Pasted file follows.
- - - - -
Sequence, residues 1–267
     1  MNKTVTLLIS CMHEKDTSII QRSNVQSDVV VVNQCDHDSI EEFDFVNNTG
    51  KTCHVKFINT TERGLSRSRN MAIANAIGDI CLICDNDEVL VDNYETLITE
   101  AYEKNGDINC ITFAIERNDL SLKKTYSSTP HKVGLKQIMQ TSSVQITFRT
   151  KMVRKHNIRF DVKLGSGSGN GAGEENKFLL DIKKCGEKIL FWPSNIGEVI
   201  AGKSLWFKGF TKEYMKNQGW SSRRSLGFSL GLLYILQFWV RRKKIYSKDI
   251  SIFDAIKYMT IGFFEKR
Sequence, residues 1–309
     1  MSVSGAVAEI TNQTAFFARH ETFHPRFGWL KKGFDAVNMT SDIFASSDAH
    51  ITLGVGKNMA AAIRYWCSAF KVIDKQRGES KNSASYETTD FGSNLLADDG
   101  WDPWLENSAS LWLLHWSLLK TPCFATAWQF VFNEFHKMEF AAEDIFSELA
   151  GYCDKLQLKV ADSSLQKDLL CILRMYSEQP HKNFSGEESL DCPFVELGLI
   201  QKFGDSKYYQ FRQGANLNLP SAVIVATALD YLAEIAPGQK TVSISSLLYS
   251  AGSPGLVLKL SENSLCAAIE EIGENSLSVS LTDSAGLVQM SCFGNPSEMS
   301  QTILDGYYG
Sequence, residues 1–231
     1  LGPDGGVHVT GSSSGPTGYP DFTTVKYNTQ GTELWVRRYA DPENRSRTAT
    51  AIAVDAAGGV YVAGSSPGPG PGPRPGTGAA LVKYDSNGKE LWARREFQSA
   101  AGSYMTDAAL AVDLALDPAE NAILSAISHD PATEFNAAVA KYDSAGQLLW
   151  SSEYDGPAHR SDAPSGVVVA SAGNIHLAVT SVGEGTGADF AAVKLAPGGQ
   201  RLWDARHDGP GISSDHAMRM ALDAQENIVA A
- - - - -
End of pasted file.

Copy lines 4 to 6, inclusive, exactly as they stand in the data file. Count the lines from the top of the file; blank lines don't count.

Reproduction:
   101  AYEKNGDINC ITFAIERNDL SLKKTYSSTP HKVGLKQIMQ TSSVQITFRT
   151  KMVRKHNIRF DVKLGSGSGN GAGEENKFLL DIKKCGEKIL FWPSNIGEVI
   201  AGKSLWFKGF TKEYMKNQGW SSRRSLGFSL GLLYILQFWV RRKKIYSKDI